Players don't necessarily always need rewards that equate to more power. Sure, you want a healthy dose of ingame rewards, but someone who really wants to follow an all good or all evil path will likely be willing to forego some of those stat bumps in order to get the most out of the story, whether it's a title or a reputation or even a little bit of text. To be clear, I think the player should generally expect to advance his abilities as he advances the story, but use of in character rewards can sometimes be a viable option. And I think the numbers of players who would be willing to throw over some of those gameplay rewards for in character perks might surprise some of you.

 

Reputation and self perception are merely two examples. There are tons of ways to reward players to augment gameplay rewards.

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I gotta say I am sick to death of this awful KotoR good/evil mechanic. Not only is it pointless and easily exploited, but designers tend to use it as a crutch instead of actual emotional depth and choice. Instead of the player's actions having a naturalistic effect on the world, it just turns into an incredibly transparent "pick your alignment"

 

For example, there was nothing difficult or morally ambiguous about Bioshock. You'd come up to a little sister and the icons might as well have been labeled [GOOD ENDING] and [bAD ENDING]

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The KotOR scheme is flawed in two ways. In fact, MotB took a step backwards in regard to the first way.

 

1. The player sees the result of dialogue decisions immediately. That is to say, I respond with "kiss my ass" and a -2 influence with the NPC floats in yellow text before my eyes. I'm a little iffy on this. On one hand, I think it's important for players to get enough feedback in order to understand how to play the game. You need to let them know what you expect of them. On the other hand, dialogue becomes a mini-game, with a lot of focus going into it. Rather than focus on the writing, however, the focus lays most heavily on the numerical impact of each option.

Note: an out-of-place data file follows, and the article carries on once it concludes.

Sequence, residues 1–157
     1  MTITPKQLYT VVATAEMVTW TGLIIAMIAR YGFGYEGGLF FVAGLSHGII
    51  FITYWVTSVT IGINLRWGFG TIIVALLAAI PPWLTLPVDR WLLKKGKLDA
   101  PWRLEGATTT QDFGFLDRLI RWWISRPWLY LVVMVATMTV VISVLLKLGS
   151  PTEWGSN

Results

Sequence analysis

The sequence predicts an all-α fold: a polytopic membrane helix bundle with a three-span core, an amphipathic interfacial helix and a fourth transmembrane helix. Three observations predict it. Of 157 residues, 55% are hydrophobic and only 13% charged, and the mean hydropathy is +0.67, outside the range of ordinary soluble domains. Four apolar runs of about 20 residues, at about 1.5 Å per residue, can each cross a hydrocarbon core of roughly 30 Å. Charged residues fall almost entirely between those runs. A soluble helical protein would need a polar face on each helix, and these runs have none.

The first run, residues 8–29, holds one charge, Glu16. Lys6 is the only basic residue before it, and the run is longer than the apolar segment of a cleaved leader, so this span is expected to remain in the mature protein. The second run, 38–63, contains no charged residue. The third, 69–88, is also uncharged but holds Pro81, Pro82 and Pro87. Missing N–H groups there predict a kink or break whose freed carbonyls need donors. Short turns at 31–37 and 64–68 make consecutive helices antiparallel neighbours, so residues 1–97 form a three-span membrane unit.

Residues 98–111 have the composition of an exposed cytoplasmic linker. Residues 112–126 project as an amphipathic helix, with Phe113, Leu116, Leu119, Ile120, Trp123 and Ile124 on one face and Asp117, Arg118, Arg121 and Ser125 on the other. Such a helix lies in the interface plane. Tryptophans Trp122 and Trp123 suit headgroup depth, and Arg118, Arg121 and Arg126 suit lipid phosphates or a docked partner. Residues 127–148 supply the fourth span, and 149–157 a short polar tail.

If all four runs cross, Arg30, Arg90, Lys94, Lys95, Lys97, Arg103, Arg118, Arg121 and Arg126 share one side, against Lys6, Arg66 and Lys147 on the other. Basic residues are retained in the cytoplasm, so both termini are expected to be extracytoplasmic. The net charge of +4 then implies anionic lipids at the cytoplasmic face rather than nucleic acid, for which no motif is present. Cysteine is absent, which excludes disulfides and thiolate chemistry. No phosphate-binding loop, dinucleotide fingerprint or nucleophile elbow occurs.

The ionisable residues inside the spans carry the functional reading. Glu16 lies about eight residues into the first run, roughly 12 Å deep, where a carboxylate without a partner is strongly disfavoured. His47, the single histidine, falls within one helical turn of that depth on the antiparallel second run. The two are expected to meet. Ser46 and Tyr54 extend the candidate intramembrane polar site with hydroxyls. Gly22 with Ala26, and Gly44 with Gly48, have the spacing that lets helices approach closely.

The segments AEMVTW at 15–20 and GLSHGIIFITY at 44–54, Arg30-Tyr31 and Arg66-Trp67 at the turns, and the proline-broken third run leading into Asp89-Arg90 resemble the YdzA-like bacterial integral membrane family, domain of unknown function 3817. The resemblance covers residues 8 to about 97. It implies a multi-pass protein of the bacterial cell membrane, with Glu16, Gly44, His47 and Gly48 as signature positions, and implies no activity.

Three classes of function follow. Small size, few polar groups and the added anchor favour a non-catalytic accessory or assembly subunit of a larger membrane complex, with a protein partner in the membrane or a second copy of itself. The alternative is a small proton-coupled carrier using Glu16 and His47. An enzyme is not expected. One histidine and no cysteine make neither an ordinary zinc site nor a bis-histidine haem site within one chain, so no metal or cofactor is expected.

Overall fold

2. By making your status in regards to light/grey/dark overt, the design team removes any real nuance or moral ambiguity from the player's actions. Grey, when it comes as part of a neapolitan flavored alignment mechanic, is not ambiguous. It's one of your three options. I understand that the Star Wars universe relies on the light/dark side concept. However, Fallout is not hampered with hard and fast rules regarding reputation, and so there is a lot more room to maneuver.

 

I realize that I'm asking for a lot, but this is the sort of idea that I'd like most to see in a computer game.

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There is a product page for Fallout: New Vegas at Gamestop.

6/1/10? That seems suspect.

 

Before I looked I knew that the 6th is the first Wednesday in the year, I'm assuming it's d/m/yy. If so then they've just set it to the earliest possible release date in 2010. If it's m/d/yy then no idea why they picked that date, a closer date to half a year would be 7/1/10.

 

They don't know anymore than us, so it's just a guess date.

 

And yet I still find them infinitely less annoying than you.

 

Infinitely??? Wow, that's well vast... beyond any scope. That must have been the most annoying comment ever and to be.

Edited by FabMan_UK